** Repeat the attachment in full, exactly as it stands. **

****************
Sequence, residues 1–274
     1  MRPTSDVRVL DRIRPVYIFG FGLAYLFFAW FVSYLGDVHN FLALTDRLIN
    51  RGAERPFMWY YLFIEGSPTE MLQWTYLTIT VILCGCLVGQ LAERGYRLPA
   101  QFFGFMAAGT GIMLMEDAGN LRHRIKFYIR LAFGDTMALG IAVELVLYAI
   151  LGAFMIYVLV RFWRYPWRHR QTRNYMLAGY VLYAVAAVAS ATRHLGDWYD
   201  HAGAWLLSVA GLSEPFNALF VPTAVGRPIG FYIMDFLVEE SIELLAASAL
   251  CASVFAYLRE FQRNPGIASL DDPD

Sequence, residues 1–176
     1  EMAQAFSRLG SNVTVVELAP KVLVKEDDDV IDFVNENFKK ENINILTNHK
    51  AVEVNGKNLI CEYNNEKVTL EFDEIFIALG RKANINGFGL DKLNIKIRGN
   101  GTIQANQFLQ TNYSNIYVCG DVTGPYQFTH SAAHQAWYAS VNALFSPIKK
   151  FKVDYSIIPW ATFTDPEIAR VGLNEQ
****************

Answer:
Sequence, residues 1–274
     1  MRPTSDVRVL DRIRPVYIFG FGLAYLFFAW FVSYLGDVHN FLALTDRLIN
    51  RGAERPFMWY YLFIEGSPTE MLQWTYLTIT VILCGCLVGQ LAERGYRLPA
   101  QFFGFMAAGT GIMLMEDAGN LRHRIKFYIR LAFGDTMALG IAVELVLYAI
   151  LGAFMIYVLV RFWRYPWRHR QTRNYMLAGY VLYAVAAVAS ATRHLGDWYD
   201  HAGAWLLSVA GLSEPFNALF VPTAVGRPIG FYIMDFLVEE SIELLAASAL
   251  CASVFAYLRE FQRNPGIASL DDPD

Sequence, residues 1–176
     1  EMAQAFSRLG SNVTVVELAP KVLVKEDDDV IDFVNENFKK ENINILTNHK
    51  AVEVNGKNLI CEYNNEKVTL EFDEIFIALG RKANINGFGL DKLNIKIRGN
   101  GTIQANQFLQ TNYSNIYVCG DVTGPYQFTH SAAHQAWYAS VNALFSPIKK
   151  FKVDYSIIPW ATFTDPEIAR VGLNEQ